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Supreme Court allows Louisiana to use congressional map with majority-black second district

WASHINGTON — The Supreme Court cleared the way Wednesday for Louisiana to use a congressional map in this year’s elections that includes two majority-black districts.

The court granted emergency requests filed by an unlikely alliance of Republican state officials and civil rights groups, who were united in asking the high court to block a lower court ruling invalidating the most recently drawn map. State officials said they needed to finalize the map by Wednesday to meet bureaucratic deadlines and avoid “disarray.”

Black voters have historically voted for Democrats, and a map with two majority-black districts could give them an opportunity to win a seat, which could help them regain control of a closely divided House of Representatives.

The court’s three liberal justices disagreed, with Justice Ketanji Brown Jackson writing that the state still had time to draw up a map that would answer the various legal questions raised. The field has a 6-3 conservative majority.

“There is little risk of voter confusion if a new map were imposed so far from the November election,” Jackson wrote.

Liberal justices have dissented in previous cases when the court acted to block changes to district maps or election laws during an election year, often in ways that benefited Republicans.

Internal divisions on this issue flared in 2022 when the court blocked a ruling invalidating a congressional district map in Alabama.

Then conservative Justice Brett Kavanaugh defended the decision, saying it was a “fundamental principle” of election law that “the rules of the road must be clear and established in an election year “.

The majority did not explain its reasoning in detail in Wednesday’s decision.

Louisiana’s map was the subject of intense litigation, with the state’s initial effort deemed a racial gerrymander. Using the Legislature’s original map, Republicans won five of six districts in the 2022 elections.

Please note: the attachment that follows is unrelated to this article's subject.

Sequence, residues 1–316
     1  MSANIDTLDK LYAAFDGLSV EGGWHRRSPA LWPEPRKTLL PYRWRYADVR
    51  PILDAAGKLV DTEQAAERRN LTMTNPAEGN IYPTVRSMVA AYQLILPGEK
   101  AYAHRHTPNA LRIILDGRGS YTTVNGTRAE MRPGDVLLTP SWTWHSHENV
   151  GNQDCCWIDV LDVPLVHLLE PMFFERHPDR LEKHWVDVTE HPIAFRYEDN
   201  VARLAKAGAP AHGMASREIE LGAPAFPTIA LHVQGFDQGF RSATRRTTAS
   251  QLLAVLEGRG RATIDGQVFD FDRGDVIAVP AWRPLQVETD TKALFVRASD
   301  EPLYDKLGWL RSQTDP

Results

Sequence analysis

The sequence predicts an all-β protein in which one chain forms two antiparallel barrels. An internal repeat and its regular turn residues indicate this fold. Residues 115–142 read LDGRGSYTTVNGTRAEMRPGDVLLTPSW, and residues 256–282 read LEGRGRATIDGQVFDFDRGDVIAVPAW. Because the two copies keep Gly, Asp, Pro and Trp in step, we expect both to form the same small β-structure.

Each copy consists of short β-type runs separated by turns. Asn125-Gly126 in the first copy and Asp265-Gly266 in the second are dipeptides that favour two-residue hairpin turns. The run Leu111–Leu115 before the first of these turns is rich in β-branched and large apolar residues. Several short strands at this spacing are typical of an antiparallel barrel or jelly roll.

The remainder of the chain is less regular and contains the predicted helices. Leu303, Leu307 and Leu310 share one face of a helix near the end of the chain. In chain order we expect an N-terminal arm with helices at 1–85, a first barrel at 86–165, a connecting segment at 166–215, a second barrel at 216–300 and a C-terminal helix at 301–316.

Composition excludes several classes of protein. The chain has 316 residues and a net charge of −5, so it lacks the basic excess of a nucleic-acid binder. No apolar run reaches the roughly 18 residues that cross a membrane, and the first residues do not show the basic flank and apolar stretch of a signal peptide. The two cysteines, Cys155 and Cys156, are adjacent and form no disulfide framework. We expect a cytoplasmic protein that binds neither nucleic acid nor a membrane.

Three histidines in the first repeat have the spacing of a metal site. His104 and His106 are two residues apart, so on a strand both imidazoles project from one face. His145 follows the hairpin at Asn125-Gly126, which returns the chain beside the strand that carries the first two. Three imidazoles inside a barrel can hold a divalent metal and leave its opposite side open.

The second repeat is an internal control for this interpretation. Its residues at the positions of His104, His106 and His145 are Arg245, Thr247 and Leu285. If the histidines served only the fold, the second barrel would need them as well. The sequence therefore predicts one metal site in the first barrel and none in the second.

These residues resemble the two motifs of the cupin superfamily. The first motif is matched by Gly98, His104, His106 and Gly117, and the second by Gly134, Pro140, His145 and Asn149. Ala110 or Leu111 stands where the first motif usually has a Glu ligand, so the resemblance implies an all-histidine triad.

That map was later redrawn after the Supreme Court last summer unexpectedly strengthened the federal Voting Rights Act by ruling that Alabama’s similar congressional map, the same one it had previously authorized use in 2022, was discriminatory against black voters.

But after Louisiana’s new map was drawn, a new group of plaintiffs, each described in court documents as “non-African American,” filed a lawsuit claiming it violated the 14th Amendment. Constitution, which ensures that the law applies equally to everyone. These plaintiffs argued that the creation of a second majority-black district was itself a form of discrimination against non-black voters.

A federal court struck down the new map, but with time running out to finalize congressional districts before this year’s elections, state officials told the Supreme Court it was essential “to avoid chaos and confusion.”

The plaintiffs in the new case said the state’s deadlines were “hopelessly arbitrary,” in part because there was no primary election in the spring.

Louisiana does not have traditional primary elections like those in other states; instead, all candidates appear on the Election Day ballot in what is called a “jungle primary.” The state recently revised its election laws, and more party primaries, like those in other states, are expected to be introduced in 2026.

Defenders of Louisiana’s latest map welcomed the Supreme Court’s order Wednesday.

“Today’s action before the Supreme Court ensures that the voices of Black voters will not be silenced in this year’s crucial elections,” said Sara Rohani, redistricting fellow for the Legal Defense Fund, in a press release. “The Voting Rights Act requires that Louisiana have a map where black voters have a fair chance to elect the candidates of their choice. While this is not the end of our work to defend this principle, it is a critical moment in our fight for fair maps in Louisiana and reflects the strength of our democracy.

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News Source : www.nbcnews.com

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